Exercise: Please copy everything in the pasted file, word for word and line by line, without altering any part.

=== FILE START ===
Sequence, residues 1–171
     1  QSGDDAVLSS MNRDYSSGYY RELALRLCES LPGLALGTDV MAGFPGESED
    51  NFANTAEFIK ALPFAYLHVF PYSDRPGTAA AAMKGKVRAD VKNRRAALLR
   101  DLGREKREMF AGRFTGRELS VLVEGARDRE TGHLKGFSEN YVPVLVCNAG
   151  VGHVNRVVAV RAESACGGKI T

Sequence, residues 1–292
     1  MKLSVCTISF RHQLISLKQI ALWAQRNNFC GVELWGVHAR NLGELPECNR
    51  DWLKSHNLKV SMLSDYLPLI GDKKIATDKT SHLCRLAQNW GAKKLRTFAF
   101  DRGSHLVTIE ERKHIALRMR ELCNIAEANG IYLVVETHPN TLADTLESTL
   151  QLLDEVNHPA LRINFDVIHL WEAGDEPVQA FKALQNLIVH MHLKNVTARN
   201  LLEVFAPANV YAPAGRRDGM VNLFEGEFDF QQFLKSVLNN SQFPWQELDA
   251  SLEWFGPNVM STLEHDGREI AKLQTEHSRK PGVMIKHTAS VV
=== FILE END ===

Sequence, residues 1–171
     1  QSGDDAVLSS MNRDYSSGYY RELALRLCES LPGLALGTDV MAGFPGESED
    51  NFANTAEFIK ALPFAYLHVF PYSDRPGTAA AAMKGKVRAD VKNRRAALLR
   101  DLGREKREMF AGRFTGRELS VLVEGARDRE TGHLKGFSEN YVPVLVCNAG
   151  VGHVNRVVAV RAESACGGKI T

Sequence, residues 1–292
     1  MKLSVCTISF RHQLISLKQI ALWAQRNNFC GVELWGVHAR NLGELPECNR
    51  DWLKSHNLKV SMLSDYLPLI GDKKIATDKT SHLCRLAQNW GAKKLRTFAF
   101  DRGSHLVTIE ERKHIALRMR ELCNIAEANG IYLVVETHPN TLADTLESTL
   151  QLLDEVNHPA LRINFDVIHL WEAGDEPVQA FKALQNLIVH MHLKNVTARN
   201  LLEVFAPANV YAPAGRRDGM VNLFEGEFDF QQFLKSVLNN SQFPWQELDA
   251  SLEWFGPNVM STLEHDGREI AKLQTEHSRK PGVMIKHTAS VV